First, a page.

7. Make a mark in between the two red lines (the green line) and this is the center of your pattern or core.

    8. Measure from the horizontal aim point, (the dot placed in step 3).

    9. This gives you how many inches above aim your shot exists.

    10. Now utilize the 3" rule - 3" above horizontal aim point = 60/40, 6" = 70/30, 9"=80/20, 12"=90/10, and 15"= 100/0.

    I didn't believe this idea at all until the person that taught me this method showed how the old percentage method could be adjusted simply by changing the choke.

    I told this person that I was shooting a gun that was too high. He asked me what I thought it was shooting, I replied, 90/10. We patterned the gun from what I knew and saved the sheet of paper. He took the gun in back without me and unknown to me, changed the choke from full to modified.

    We went back out and patterned the gun again. Wow, what a difference, my gun now was shooting 70/30, exactly what I wanted. I thanked him over and over and he popped the information that he didn't change a thing but the choke. I was dumbfounded.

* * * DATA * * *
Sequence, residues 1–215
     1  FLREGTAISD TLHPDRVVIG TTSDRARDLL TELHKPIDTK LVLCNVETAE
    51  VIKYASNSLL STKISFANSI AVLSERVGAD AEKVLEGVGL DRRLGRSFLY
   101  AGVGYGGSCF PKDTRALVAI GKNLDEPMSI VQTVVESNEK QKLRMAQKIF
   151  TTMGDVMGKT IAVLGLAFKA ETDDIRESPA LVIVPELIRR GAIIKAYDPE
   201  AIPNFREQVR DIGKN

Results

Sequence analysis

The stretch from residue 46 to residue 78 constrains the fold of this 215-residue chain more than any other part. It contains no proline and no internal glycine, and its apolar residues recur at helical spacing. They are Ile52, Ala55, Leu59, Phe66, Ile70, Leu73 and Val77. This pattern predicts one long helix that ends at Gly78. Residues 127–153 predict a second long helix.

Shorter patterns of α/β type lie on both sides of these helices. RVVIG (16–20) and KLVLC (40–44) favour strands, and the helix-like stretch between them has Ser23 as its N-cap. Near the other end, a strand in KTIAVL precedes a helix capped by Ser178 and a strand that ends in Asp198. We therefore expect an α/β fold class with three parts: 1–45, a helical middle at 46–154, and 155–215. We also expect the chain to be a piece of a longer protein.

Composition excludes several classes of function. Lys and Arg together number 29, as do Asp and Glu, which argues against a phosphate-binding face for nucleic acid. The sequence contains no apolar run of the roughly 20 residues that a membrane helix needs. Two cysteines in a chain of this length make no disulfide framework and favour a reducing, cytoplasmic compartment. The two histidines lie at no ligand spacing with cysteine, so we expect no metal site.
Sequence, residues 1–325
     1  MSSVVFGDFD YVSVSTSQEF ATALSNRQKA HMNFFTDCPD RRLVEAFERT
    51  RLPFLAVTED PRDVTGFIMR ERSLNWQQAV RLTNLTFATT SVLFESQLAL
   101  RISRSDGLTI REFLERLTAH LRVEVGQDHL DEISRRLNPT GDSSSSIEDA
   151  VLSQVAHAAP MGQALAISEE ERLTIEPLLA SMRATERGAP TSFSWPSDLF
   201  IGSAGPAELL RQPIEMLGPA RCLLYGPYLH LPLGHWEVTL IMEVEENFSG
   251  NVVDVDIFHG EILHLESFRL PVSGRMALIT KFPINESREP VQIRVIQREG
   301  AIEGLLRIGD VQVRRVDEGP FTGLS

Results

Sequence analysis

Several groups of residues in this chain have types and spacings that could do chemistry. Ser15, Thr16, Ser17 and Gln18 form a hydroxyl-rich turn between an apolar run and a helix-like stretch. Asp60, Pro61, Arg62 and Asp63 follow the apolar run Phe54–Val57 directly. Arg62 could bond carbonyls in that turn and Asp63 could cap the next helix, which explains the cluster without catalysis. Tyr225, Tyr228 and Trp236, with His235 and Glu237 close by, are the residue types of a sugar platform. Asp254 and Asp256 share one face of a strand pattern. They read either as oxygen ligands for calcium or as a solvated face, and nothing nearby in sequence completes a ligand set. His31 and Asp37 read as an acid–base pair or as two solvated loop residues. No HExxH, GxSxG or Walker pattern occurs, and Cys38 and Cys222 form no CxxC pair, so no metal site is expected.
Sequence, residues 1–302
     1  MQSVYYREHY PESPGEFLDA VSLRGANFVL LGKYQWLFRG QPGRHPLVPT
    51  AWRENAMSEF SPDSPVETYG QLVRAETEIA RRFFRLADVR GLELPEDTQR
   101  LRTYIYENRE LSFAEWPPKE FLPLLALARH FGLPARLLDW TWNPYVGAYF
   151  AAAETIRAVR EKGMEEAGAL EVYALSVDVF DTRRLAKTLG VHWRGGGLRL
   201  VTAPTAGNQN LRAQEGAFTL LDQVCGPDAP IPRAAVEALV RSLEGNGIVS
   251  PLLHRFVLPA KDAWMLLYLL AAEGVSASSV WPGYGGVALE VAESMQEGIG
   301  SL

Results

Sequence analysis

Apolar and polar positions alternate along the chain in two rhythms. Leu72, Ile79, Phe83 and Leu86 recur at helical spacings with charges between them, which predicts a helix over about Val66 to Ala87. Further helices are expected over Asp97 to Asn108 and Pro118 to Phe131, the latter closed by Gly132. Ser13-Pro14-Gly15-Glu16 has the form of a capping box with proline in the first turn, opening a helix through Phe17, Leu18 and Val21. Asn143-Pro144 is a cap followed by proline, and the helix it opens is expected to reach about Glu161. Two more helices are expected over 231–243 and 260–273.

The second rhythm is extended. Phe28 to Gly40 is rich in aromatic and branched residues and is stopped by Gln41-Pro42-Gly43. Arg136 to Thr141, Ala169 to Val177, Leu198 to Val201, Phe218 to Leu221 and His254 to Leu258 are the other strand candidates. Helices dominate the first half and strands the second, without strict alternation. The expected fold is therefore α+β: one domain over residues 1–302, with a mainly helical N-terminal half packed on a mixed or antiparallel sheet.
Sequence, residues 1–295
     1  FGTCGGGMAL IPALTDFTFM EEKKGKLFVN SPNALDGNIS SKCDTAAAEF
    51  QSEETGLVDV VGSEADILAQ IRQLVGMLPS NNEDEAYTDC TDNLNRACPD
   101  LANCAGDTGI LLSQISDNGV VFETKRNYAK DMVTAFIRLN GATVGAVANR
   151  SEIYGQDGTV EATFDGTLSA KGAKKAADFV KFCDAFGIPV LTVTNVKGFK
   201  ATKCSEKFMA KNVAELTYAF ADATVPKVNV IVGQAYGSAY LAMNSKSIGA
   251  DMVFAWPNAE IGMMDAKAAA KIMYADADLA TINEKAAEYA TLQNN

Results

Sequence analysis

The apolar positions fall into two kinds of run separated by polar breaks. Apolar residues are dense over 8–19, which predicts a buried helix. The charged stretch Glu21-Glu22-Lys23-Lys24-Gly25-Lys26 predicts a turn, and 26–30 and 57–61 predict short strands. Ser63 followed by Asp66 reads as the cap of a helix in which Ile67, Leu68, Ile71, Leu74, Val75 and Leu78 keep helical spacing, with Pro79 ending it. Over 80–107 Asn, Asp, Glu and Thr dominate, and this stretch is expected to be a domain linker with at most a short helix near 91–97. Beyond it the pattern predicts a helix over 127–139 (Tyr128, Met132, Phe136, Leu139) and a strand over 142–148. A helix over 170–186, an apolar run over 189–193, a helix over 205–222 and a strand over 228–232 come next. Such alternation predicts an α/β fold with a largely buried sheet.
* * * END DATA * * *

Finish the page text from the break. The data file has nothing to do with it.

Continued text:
I was taught that pattern should always be measure in inches and not in percentages because you can change percentages by opening or closing the choke. I have since changed my pattering to the inches method and have been achieving better and more solid hits.

    This is just my .02. You can listen or just throw it out.

    Good luck.

    Cory Kreith

  6. mercedesman1981

    mercedesman1981 TS Member

    May 11, 2007

    The way I did mine (many, many thanks to Neil Winston and Pat Ireland, and ZZT and several others) is this:

    I bench rested my Browning XT for both POI testing and Pattern testing. I wanted to see where my gun was shooting, not how I was shooting it.